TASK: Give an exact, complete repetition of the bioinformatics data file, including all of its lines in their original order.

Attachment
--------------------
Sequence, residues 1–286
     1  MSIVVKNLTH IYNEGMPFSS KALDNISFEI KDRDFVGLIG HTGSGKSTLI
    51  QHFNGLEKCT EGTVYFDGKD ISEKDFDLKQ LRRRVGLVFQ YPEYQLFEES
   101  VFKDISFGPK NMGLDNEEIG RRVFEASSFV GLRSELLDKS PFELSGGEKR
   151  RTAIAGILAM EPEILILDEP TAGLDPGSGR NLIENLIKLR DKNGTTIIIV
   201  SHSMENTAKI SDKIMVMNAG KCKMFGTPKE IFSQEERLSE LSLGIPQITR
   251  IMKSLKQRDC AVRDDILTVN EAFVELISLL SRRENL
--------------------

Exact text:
Sequence, residues 1–286
     1  MSIVVKNLTH IYNEGMPFSS KALDNISFEI KDRDFVGLIG HTGSGKSTLI
    51  QHFNGLEKCT EGTVYFDGKD ISEKDFDLKQ LRRRVGLVFQ YPEYQLFEES
   101  VFKDISFGPK NMGLDNEEIG RRVFEASSFV GLRSELLDKS PFELSGGEKR
   151  RTAIAGILAM EPEILILDEP TAGLDPGSGR NLIENLIKLR DKNGTTIIIV
   201  SHSMENTAKI SDKIMVMNAG KCKMFGTPKE IFSQEERLSE LSLGIPQITR
   251  IMKSLKQRDC AVRDDILTVN EAFVELISLL SRRENL